The supplemental files for this article can be found as follows:

Acknowledgements

We thank members of our Technical Review Committee, F. George, G. Jersey, P. Lacey, T. Rufael, and D. Sundararajan, for their feedback and guidance during the data analysis and writing process. We also thank Southwestern Energy for providing a parking site with power for the mobile laboratory during the field campaign.

Funding information

Funding for this work was provided by the Research Partnership to Secure Energy for America/National Energy Technology Laboratory contract no. 12122-95/DE-AC26-07NT42677 to the Colorado School of Mines, with additional equal contributions from the Colorado Energy Research Collaboratory, the National Oceanic and Atmospheric Administration, Southwestern Energy, XTO Energy (a subsidiary of ExxonMobil), Chevron, Statoil, and the American Gas Association.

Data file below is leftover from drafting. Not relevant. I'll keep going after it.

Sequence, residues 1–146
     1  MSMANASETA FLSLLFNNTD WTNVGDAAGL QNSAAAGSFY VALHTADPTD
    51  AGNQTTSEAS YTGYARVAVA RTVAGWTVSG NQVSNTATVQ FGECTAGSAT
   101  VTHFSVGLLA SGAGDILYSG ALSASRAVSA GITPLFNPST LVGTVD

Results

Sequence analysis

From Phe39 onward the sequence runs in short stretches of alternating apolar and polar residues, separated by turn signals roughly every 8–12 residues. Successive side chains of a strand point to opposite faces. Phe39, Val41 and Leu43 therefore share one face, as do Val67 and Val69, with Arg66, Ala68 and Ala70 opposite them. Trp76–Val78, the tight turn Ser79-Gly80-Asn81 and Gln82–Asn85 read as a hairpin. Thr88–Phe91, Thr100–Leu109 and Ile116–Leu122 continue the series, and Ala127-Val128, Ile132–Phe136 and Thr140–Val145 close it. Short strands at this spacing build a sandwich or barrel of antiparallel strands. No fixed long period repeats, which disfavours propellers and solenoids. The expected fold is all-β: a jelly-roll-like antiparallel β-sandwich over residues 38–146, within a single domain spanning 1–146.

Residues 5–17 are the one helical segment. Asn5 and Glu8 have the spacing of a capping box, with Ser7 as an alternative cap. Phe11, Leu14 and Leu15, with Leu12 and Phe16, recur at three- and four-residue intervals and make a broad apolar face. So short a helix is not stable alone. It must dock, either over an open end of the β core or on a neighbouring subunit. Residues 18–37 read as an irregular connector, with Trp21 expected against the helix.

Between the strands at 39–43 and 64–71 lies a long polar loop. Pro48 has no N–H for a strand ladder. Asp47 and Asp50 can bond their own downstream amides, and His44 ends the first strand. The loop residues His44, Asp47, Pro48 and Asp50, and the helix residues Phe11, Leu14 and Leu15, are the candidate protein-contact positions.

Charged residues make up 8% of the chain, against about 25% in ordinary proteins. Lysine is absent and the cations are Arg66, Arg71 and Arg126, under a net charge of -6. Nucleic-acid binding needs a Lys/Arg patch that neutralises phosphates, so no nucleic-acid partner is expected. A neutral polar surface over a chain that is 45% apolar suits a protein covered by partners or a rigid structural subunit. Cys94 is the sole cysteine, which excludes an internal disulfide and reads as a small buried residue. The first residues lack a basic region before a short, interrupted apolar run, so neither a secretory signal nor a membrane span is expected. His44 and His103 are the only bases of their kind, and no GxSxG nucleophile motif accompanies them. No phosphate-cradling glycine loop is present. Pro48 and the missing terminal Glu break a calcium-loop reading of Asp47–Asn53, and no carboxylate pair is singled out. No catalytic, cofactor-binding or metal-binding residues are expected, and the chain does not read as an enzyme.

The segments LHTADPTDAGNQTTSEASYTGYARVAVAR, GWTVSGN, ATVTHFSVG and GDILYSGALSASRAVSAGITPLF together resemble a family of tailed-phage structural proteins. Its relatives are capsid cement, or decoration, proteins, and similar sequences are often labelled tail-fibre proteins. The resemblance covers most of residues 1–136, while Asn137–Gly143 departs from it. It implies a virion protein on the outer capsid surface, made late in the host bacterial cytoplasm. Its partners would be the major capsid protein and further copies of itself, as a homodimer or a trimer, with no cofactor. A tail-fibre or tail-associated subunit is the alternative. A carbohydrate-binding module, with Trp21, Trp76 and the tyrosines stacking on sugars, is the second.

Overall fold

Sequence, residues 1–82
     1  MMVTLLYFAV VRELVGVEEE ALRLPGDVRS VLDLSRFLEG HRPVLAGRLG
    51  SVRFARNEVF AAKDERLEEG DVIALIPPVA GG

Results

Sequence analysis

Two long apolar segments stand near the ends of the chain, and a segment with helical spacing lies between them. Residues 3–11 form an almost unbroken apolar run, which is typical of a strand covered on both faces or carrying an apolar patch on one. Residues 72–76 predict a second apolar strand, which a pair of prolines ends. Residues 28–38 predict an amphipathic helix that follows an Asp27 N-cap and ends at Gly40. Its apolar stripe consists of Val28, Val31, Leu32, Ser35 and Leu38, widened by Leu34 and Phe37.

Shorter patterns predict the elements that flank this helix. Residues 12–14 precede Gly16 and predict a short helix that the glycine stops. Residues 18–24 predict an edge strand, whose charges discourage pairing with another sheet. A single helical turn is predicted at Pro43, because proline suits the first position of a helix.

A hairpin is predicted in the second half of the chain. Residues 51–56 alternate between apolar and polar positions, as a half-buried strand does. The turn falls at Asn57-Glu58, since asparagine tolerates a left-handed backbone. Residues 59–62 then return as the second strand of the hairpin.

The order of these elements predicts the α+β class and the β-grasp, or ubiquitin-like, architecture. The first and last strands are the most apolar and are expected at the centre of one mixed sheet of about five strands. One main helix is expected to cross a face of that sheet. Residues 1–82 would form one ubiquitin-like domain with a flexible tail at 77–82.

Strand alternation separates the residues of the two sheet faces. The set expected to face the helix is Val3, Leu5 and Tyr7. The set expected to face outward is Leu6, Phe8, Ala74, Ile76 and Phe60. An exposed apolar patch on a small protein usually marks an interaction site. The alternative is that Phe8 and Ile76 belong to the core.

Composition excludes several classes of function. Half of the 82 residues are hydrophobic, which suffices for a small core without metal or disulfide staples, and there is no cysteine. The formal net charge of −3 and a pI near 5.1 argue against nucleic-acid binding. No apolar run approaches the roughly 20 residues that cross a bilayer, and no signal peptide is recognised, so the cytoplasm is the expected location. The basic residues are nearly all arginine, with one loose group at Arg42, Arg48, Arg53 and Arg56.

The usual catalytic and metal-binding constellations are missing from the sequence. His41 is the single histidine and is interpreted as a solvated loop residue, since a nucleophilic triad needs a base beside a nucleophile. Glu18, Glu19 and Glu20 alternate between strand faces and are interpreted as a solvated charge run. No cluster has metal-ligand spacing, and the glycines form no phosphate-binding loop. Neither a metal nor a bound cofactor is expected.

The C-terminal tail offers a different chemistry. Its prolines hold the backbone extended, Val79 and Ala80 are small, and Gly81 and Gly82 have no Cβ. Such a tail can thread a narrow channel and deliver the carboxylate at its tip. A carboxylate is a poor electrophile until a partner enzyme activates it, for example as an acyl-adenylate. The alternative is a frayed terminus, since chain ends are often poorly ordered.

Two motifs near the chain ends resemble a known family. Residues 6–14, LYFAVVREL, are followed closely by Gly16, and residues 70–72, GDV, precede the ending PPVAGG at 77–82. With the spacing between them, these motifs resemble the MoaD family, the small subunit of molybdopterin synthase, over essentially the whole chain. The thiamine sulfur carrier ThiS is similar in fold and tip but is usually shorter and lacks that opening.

Competing interests

The authors have no competing interests to declare.

Author contributions

  • Substantial contributions to conception and design: IMM, GP, DZ, SS, SC, TV, CB, RS
  • Acquisition of data: GP, ET, JK, PH, SCH, SC, SS, BM, BH, ED, PL, SW, EM, MC, AC, MR, DK
  • Analysis and interpretation of data: GP, SS, TIY, DZ
  • Drafting the article or revising it critically for important intellectual content: GP, SS, TIY, BM
  • Final approval of the version to be published: All authors